A police officer will look into the person’s car from the outside. The officer needs a reason to get in the car to search. However, under the “plain view doctrine,” the officer could search for evidence of a crime if the officer observes that evidence from a position the officer was permitted. Thus, a police officer could shine a flashlight into a car and observe a firearm, drugs, bloody clothing, beer cans, or other evidence of a crime. At that point, the officer is constitutionally permitted to investigate further.

The “Furtive Gesture”

Officers cannot act on a hunch, or if they do, then they need evidence to support that hunch. Even if the officer’s hunch is correct, the officer violates the constitution unless he or she possesses reasonable suspicion based on specific and articulable facts that the person is committing a crime. The phrase “specific and articulable” means that the officer cannot base his or her actions on a hunch. One way to get around the notion of a hunch is the “furtive gesture.”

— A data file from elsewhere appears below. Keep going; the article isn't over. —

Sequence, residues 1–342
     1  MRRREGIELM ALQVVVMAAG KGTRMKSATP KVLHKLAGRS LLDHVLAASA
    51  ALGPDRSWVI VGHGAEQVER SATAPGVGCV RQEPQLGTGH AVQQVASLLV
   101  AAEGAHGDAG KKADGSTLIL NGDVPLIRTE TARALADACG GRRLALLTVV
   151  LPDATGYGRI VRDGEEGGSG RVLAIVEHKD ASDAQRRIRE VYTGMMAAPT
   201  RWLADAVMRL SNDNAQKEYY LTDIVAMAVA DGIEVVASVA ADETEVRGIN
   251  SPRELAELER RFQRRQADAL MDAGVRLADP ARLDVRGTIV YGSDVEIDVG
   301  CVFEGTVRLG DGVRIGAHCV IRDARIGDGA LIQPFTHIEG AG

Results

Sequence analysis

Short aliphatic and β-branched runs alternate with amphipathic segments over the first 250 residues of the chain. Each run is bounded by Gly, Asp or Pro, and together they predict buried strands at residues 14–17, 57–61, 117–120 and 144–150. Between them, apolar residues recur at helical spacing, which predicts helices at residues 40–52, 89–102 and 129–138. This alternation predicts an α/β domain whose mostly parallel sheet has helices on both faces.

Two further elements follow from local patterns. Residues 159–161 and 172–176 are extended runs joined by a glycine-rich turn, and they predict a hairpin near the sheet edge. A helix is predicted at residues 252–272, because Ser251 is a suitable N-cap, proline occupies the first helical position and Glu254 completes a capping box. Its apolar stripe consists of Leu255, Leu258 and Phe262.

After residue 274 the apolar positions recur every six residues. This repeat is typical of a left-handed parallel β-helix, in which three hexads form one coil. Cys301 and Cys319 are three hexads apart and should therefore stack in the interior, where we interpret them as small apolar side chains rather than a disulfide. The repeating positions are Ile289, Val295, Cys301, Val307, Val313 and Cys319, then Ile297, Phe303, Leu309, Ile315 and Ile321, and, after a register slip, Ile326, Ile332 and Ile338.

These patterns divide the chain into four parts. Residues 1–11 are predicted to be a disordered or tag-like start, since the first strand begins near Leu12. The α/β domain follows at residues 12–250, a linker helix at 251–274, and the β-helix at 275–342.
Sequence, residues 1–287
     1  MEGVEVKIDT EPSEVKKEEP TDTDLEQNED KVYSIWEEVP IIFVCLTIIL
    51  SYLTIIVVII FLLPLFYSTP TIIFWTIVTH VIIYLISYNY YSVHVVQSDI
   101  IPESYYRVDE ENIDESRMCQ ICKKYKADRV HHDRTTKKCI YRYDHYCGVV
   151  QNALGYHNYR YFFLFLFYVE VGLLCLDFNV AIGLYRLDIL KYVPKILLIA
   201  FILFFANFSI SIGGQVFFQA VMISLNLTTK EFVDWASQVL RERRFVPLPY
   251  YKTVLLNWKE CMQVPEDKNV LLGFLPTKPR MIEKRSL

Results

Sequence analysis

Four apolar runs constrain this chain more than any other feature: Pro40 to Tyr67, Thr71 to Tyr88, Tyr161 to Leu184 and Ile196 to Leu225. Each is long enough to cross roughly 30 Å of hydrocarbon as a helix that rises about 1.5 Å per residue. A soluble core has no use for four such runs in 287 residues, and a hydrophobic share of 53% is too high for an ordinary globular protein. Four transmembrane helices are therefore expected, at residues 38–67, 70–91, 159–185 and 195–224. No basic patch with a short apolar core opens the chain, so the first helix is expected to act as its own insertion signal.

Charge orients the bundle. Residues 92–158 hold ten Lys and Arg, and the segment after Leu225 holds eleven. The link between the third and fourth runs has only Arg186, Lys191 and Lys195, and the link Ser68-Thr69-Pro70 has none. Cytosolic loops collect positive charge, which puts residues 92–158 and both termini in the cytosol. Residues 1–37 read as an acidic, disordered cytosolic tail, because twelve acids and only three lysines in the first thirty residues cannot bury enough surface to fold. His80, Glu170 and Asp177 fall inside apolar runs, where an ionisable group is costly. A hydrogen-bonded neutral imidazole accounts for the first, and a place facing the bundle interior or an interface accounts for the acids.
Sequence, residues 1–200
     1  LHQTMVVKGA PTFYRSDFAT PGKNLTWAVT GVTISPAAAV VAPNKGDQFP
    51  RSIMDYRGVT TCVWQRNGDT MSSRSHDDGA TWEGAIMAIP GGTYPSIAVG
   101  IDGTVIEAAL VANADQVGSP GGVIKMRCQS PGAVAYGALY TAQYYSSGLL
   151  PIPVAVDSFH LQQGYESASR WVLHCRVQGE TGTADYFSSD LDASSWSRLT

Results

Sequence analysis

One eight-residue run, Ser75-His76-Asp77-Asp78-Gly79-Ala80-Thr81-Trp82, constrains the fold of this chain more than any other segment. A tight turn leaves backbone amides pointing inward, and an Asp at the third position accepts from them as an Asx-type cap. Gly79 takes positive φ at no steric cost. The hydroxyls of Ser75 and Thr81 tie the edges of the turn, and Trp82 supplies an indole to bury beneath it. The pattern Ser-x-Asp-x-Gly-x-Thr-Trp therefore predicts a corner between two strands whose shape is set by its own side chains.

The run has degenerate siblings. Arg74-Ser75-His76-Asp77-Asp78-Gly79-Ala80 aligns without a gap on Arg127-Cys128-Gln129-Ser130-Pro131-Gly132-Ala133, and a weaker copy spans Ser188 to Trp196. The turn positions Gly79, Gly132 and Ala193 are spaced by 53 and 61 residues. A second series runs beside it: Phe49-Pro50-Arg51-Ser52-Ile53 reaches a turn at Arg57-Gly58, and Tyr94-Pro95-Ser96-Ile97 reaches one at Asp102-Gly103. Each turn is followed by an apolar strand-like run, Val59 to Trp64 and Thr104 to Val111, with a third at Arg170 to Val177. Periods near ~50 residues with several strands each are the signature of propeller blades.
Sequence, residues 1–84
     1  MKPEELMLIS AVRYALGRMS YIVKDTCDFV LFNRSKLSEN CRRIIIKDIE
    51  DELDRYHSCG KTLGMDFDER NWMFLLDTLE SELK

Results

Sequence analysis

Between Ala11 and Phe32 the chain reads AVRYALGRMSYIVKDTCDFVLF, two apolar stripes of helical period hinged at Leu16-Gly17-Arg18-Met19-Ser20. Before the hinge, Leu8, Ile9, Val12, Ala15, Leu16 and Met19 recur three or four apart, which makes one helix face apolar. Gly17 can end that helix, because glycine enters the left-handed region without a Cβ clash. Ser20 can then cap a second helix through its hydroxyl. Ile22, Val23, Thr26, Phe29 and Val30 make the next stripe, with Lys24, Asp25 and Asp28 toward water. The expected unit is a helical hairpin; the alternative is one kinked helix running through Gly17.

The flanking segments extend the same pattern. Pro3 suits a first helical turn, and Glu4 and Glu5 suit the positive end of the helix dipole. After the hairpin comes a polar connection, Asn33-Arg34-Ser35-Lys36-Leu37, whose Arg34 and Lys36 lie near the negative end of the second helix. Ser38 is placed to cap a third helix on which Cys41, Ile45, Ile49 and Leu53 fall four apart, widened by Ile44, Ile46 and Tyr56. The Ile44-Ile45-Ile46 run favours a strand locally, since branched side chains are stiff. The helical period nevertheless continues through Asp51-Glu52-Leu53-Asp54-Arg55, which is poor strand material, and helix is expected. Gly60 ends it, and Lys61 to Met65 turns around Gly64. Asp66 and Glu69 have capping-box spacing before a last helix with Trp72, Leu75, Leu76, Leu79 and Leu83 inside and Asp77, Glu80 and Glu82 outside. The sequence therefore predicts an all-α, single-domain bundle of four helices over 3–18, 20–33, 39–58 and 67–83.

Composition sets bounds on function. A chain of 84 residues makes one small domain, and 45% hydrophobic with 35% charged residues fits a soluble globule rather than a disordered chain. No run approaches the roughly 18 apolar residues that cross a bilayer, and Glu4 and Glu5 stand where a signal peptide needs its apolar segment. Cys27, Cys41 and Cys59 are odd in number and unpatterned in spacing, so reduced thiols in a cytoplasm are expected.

A furtive gesture, which is a movement that is quick and designed to hide something, gives the officer a reason to search a car in many circumstances. An example of a furtive gesture would be the front seat passenger of a car that an officer signaled to stop ducks down and reaches under the front seat. This action would allow the officer to conclude that the passenger was hiding contraband, giving the officer reasonable suspicion to search the car.